For years industry observers have asserted that environmental protests outside the Canadian-run Kumtor Gold Mine in Kyrgyzstan’s eastern mountains were part of an elaborate shakedown scheme. Now a video has emerged that appears to substantiate this view.
Outside Aslan Arlozorov’s cottage in suburban Bishkek three people discuss their ailments as they wait in line. One has asthma; a second has a stomach ulcer; a third, cancer of the liver. The last patient is turning to Arlozorov, a practitioner of herbal medicine, or a “travnik,” out of desperation.
In June, Turkey experienced the worst anti-government protests in decades over plans to redevelop Gezi Park in central Istanbul. Now, a historic church once used by Russian refugees fleeing the 1917 Bolshevik Coup is at the center of a fresh controversy over the city’s development ambitions.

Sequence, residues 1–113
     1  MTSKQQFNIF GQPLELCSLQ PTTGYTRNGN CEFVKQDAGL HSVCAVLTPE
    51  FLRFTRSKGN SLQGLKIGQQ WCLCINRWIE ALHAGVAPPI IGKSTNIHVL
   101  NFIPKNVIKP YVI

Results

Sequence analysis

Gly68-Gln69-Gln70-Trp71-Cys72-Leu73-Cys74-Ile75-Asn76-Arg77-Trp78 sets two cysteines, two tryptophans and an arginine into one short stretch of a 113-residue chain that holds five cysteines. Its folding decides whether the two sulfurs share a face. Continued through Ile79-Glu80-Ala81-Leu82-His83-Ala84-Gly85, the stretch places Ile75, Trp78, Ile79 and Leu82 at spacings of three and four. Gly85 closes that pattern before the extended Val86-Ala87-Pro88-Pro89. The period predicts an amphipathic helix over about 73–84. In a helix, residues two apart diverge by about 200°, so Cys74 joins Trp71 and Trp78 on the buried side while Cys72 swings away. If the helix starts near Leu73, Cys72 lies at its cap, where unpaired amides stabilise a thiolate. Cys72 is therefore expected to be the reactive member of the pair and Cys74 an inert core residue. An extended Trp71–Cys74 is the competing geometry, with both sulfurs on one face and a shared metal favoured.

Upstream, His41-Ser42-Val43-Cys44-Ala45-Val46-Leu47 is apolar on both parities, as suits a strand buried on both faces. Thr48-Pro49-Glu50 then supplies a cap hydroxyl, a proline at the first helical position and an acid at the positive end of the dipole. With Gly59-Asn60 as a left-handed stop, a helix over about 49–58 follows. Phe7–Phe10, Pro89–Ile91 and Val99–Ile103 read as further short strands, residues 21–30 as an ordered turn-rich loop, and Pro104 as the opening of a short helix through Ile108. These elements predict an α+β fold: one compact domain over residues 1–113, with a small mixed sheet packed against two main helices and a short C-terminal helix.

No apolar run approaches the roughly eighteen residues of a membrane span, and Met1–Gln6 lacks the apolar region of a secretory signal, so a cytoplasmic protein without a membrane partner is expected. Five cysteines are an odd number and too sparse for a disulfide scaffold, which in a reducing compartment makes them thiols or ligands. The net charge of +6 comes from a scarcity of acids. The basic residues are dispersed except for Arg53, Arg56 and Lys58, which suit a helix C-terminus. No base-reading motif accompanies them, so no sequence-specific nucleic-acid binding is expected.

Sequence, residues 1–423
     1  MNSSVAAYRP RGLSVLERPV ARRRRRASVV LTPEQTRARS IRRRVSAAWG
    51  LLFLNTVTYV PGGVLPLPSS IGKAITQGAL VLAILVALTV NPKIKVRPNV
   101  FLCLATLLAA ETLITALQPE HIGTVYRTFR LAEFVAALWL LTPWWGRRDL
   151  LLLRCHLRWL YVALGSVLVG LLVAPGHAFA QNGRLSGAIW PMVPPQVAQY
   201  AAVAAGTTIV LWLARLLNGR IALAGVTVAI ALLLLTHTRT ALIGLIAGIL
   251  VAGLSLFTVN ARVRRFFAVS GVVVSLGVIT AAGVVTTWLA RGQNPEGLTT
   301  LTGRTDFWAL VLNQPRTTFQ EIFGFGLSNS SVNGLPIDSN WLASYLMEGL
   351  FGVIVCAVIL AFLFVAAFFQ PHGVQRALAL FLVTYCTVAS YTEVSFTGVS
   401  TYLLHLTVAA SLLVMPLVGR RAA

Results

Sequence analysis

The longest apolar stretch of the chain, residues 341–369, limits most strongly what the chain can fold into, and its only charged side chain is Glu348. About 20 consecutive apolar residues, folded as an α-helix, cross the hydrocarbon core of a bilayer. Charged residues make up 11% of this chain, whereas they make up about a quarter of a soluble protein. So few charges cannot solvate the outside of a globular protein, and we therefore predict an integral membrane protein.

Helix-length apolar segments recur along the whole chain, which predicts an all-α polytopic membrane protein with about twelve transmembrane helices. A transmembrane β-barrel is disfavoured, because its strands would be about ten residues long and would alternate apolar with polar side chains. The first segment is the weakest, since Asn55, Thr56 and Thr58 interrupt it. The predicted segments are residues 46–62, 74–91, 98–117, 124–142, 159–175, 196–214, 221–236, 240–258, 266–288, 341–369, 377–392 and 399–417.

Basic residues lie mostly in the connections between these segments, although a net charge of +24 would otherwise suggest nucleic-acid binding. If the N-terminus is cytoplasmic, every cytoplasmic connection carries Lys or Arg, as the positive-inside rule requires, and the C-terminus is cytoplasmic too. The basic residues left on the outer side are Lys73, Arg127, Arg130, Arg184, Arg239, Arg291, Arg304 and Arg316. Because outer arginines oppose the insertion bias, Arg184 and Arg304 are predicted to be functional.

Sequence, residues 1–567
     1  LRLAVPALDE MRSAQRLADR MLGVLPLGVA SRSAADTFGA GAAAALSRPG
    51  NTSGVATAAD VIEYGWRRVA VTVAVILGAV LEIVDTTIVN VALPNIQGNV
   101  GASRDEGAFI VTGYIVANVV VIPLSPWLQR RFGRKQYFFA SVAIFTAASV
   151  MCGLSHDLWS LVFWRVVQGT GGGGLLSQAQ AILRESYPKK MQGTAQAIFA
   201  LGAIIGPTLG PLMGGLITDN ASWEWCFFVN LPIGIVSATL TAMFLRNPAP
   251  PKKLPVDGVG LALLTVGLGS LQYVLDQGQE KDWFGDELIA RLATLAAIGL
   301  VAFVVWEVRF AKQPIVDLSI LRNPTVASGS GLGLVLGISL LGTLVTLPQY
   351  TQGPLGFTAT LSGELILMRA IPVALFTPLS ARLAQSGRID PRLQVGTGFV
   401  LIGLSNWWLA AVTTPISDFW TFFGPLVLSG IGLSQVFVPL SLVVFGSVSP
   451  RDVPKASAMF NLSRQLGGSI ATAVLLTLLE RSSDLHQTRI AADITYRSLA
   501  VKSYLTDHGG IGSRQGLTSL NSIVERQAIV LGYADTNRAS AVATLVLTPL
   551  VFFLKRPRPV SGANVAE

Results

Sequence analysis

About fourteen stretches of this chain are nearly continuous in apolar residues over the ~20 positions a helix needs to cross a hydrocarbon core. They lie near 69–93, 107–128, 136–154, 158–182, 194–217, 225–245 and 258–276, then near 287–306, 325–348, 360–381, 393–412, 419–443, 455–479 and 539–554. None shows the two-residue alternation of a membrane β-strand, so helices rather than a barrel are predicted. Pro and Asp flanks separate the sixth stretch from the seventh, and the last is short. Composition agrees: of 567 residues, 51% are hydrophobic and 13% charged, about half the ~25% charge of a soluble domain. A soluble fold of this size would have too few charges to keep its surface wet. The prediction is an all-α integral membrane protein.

Coal mining is among the more hazardous occupations in Turkey, underscored by a mishap earlier this year that claimed eight lives. But economic necessity is keeping the country reliant on coal, and pushing miners to risk their lives.
For some, a contortionist is nothing more than a freak-show act, doing something unnatural, not a thing of grace or beauty. But in Mongolia, flexing and bending the body into seemingly impossible positions has been perfected into what some call a uniquely Mongolian tradition. And these advocates of the art form are seeking international recognition.
Georgia has embraced privatization as the cure for all its healthcare ills. But in the rush to reform in recent years, one critical detail largely has been overlooked – ensuring that Georgian doctors actually are qualified to practice medicine.
Georgia’s healthcare system faces multiple problems: limited training for doctors, poor access to hospitals in the regions, expensive medicine. But some health professionals believe the biggest issue boils down to simple arithmetic – there are too many doctors and not enough nurses.